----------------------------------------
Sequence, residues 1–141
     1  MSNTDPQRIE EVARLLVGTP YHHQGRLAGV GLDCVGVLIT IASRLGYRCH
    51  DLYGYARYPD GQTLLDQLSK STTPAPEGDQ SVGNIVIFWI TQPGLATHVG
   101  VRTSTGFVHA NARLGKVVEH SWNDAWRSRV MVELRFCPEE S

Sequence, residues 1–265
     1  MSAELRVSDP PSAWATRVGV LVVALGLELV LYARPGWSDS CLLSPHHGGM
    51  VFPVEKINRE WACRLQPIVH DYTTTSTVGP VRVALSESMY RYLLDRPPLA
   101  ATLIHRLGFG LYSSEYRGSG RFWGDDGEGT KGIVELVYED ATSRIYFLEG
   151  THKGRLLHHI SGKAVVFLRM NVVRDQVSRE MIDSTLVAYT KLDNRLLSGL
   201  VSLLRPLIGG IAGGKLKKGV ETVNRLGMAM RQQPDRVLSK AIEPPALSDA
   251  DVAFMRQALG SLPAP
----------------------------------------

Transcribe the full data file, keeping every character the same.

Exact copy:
Sequence, residues 1–141
     1  MSNTDPQRIE EVARLLVGTP YHHQGRLAGV GLDCVGVLIT IASRLGYRCH
    51  DLYGYARYPD GQTLLDQLSK STTPAPEGDQ SVGNIVIFWI TQPGLATHVG
   101  VRTSTGFVHA NARLGKVVEH SWNDAWRSRV MVELRFCPEE S

Sequence, residues 1–265
     1  MSAELRVSDP PSAWATRVGV LVVALGLELV LYARPGWSDS CLLSPHHGGM
    51  VFPVEKINRE WACRLQPIVH DYTTTSTVGP VRVALSESMY RYLLDRPPLA
   101  ATLIHRLGFG LYSSEYRGSG RFWGDDGEGT KGIVELVYED ATSRIYFLEG
   151  THKGRLLHHI SGKAVVFLRM NVVRDQVSRE MIDSTLVAYT KLDNRLLSGL
   201  VSLLRPLIGG IAGGKLKKGV ETVNRLGMAM RQQPDRVLSK AIEPPALSDA
   251  DVAFMRQALG SLPAP